http://online-journals.org/index.php/i-jet/article/view/4620

Share on Facebook

Get Back to Work – Reducing Procrastination in Online Classes

May 25th, 2015

by Carl Straumsheim, Tomorrow’s Professor

The key to making online students focus on their course work may be making procrastination as unenjoyable as possible, according to a study out of Cornell University. It’s a familiar problem to anyone with a deadline and a computer: the assignment is open on the screen, half-finished, but is quickly lost in a stack of web browser tabs. Upon rediscovery (with an accompanying pang of guilt), the procrastinator resolves to buckle down and type out the last few paragraphs — right after clearing the notification that just popped up and checking just one more website. Richard W. Patterson, a Ph.D. student in policy analysis and management at Cornell, wanted to see if software could reduce procrastination and, as a result, improve students’ grades.

http://cgi.stanford.edu/~dept-ctl/cgi-bin/tomprof/enewsletter.php?msgno=1413

Share on Facebook

NM online classes will go out of state

May 24th, 2015

By Mike Bush, ABQ Journal

The ability of New Mexico’s public and private colleges and universities to offer online programs beyond the state borders just increased considerably and includes target states from coast to coast. In addition, New Mexico students who take distance education courses from institutions in those other states can now rest assured that the programs meet high, uniform standards. The state Higher Education Department announced this week that the Western Interstate Commission for Higher Education – of which New Mexico is one of 16 members – unanimously approved New Mexico for membership in the State Authorization Reciprocity Agreement.

http://www.abqjournal.com/586393/news/nm-online-classes-will-go-out-of-state.html

Share on Facebook

Archaeology professor designs first online companion course for field work in Kenya

May 24th, 2015

by Ryan Lasker, GW Hatchet

Before GW’s archaeology students visit Kenya, they’re going to have to see it on their computer screens. A field archaeology course run by David Braun, an associate professor of archaeology, now features a four-week-long online course that prepares students to study early human origins for six weeks over the summer at the Koobi Fora Field School in northern Kenya’s Sibiloi National Park. The class marks the University’s first online companion course for a course held abroad. With previous classes, Braun had previously typed up a 150-page manual with information on geology, ecology and evolution for students to read before heading off to Kenya. But that set the students back in learning once they got to Kenya because, “we knew that they didn’t get to read [the document],” he said.

http://www.gwhatchet.com/2015/05/18/archeology-professor-designs-first-online-companion-course-for-field-work-in-kenya/

Share on Facebook

Online classes, convenience does not mean easier set up

May 24th, 2015
By Rachel Fradette, State News

My fellow procrastinators, you cannot procrastinate in these classes and expect to pass with flying colors. Online classes require participation throughout the entire class. If you wait to work on anything, you will get far behind and you can kiss that 4.0 goodbye. So if you are constantly battling your own laziness, I would recommend you either not take the class or you use it as a way to fix your problem. After each of my online classes, I had become a much more diligent student–they forced me to actively participate. Go for those online classes, but be cautious, you will have to work harder than usual.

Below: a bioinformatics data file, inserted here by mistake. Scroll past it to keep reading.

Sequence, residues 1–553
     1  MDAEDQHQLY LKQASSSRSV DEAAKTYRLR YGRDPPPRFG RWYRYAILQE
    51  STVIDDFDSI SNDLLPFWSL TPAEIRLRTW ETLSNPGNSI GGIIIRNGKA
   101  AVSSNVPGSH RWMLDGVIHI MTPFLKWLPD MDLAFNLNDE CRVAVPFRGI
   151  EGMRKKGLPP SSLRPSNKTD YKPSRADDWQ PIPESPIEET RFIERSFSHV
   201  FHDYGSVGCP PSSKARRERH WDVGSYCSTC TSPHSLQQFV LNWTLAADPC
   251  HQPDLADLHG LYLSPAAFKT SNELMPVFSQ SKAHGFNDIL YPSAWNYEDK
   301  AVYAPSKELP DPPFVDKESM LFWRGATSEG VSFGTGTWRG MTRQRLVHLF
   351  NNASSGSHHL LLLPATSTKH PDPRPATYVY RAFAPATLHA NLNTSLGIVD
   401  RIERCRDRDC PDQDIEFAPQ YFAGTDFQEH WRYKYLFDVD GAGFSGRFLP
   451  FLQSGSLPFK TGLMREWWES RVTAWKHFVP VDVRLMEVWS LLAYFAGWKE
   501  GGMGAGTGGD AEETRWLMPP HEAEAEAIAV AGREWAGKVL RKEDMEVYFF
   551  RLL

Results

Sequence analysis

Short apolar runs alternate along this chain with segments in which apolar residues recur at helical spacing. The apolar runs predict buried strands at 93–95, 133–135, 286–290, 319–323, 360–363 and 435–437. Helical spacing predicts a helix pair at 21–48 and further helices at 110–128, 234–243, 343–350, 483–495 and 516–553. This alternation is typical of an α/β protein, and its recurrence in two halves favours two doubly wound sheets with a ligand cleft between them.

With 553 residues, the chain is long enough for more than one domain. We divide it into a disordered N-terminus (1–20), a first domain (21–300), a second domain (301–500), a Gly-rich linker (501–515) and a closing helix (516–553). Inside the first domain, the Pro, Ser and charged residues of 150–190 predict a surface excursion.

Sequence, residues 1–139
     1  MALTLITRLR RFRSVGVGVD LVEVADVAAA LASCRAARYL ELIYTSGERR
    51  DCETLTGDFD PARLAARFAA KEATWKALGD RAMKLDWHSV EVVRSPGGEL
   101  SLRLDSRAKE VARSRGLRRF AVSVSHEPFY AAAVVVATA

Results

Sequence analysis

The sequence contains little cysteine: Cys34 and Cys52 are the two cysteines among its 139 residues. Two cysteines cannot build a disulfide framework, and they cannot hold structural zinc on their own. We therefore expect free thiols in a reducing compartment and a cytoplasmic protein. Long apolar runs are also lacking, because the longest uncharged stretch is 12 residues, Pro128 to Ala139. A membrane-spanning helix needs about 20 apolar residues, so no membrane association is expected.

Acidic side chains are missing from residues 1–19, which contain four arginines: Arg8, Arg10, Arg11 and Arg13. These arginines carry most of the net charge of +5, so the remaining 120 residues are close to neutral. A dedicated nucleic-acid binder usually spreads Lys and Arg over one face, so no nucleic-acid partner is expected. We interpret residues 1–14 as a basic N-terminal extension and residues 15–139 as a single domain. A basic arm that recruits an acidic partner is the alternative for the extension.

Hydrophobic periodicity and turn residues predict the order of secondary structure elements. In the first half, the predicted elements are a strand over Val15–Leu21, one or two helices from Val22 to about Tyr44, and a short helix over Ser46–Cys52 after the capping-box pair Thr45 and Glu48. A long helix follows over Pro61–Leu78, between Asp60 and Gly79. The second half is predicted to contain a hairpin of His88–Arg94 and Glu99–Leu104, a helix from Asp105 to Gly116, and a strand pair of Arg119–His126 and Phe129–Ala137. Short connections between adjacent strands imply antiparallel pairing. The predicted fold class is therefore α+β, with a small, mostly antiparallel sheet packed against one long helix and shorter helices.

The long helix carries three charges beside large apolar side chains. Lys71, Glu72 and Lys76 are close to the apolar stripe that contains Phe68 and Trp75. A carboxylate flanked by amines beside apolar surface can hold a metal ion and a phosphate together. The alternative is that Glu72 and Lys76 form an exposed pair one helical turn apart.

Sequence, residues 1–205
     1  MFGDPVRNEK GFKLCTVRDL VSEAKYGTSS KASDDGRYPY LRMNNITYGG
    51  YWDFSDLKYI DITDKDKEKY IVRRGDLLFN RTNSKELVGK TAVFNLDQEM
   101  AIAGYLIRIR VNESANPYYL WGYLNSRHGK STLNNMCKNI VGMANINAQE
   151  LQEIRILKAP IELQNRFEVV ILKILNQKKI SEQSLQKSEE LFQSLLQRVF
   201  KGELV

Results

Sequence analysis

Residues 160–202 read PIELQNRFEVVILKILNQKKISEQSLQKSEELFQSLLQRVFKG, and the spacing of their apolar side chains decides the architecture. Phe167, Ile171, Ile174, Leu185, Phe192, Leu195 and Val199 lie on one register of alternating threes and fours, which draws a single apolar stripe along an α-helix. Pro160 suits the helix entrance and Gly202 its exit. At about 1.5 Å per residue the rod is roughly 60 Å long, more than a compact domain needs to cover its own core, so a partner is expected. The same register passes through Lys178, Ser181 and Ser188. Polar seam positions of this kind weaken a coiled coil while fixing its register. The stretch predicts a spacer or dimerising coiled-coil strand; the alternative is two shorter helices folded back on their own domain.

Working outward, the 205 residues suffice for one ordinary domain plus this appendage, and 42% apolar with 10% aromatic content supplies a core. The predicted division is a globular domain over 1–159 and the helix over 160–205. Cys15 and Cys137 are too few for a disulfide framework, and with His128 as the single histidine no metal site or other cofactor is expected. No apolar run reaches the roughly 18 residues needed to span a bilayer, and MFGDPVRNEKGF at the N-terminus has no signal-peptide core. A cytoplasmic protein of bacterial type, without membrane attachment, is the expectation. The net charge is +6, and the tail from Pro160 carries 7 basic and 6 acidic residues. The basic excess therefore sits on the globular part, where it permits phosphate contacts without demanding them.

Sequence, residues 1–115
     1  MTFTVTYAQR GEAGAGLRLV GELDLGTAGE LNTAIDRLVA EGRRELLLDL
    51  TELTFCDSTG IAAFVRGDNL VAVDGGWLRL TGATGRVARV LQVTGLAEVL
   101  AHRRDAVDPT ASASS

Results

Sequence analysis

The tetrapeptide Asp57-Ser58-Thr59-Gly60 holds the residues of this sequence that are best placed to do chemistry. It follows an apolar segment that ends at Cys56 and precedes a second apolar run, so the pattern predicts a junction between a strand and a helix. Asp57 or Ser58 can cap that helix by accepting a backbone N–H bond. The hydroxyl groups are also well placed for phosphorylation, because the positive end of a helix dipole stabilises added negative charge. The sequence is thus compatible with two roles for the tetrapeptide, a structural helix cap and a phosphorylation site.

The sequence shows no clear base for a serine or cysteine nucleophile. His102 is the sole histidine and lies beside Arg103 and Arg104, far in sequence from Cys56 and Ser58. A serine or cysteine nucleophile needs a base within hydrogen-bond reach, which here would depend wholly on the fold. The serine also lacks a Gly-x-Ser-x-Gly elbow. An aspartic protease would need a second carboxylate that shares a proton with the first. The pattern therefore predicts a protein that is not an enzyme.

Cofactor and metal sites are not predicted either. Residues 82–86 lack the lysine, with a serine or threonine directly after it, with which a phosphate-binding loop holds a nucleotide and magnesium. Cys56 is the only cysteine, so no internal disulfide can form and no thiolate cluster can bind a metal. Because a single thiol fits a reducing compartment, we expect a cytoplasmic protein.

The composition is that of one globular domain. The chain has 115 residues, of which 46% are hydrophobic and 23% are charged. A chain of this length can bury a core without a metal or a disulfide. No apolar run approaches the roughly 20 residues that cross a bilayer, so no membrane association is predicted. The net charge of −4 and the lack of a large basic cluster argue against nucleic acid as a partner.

http://statenews.com/article/2015/05/online-summer-classes-opinion

Share on Facebook

Stigma over online courses has gone away

May 23rd, 2015

by Patrick Murphy, Ft Wayne Journal Gazette

Online degrees are more common and accepted part of the educational landscape, according to career counselors and people like Jennifer Schramm, manager for workforce trends and forecasting with the Society for Human Resource Management. “More and more employers and job applicants are realizing the opportunities available online,” Schramm said. “And company executives and human resource professionals feel more comfortable considering and hiring individuals who obtained these types of degrees later in life.”

http://www.journalgazette.net/business/Stigma-over-online-courses-has-gone-away-6634536

Share on Facebook

4 Steps to Smart Online Learning at Your Agency

May 23rd, 2015

by Paul Terry, ATD

Every agency has requirements for training and professional development. From keeping Baby Boomers at the top of their game to getting a new generation of federal employees up to speed, talent development leaders need to align training with the mission and objectives of their agencies. However, most government agencies are at a crossroads. Learning and development (L&D) remains a critical need, but budgets continue to tighten. Consequently, a growing number of agencies are turning to a cost-effective, online learning environment to ensure training mandates are met while saving budget dollars. Indeed, online learning is not only economical, but when used as part of a blended solution, it is proving to be more effective than traditional training.

https://www.td.org/Publications/Blogs/GovLearning-Blog/2015/05/4-Steps-to-Smart-Online-Learning-at-Your-Agency

Share on Facebook

Community of practice helps faculty and staff step into role of online learner

May 23rd, 2015
by Lika Balenovich, University of Wisconsin
Lisa Hebgen and other TeachOnline@UW participants shared their lessons learned during mini-presentations after the Fall 2014 workshop. This past year, more than 20 faculty and instructional staff received another chance at being a student — a role reversal that allowed each of them to explore the opportunities and challenges facing today’s online learners and instructors. As participants in UW-Madison’s inaugural TeachOnline@UW learning community, participants from eight schools and colleges came together to learn and share strategies for designing and teaching quality online courses. Over 12 months, they met and completed online coursework to learn how to better design and manage courses with specific learning goals, and to explore the use of new tools to help their teaching and their students.
Share on Facebook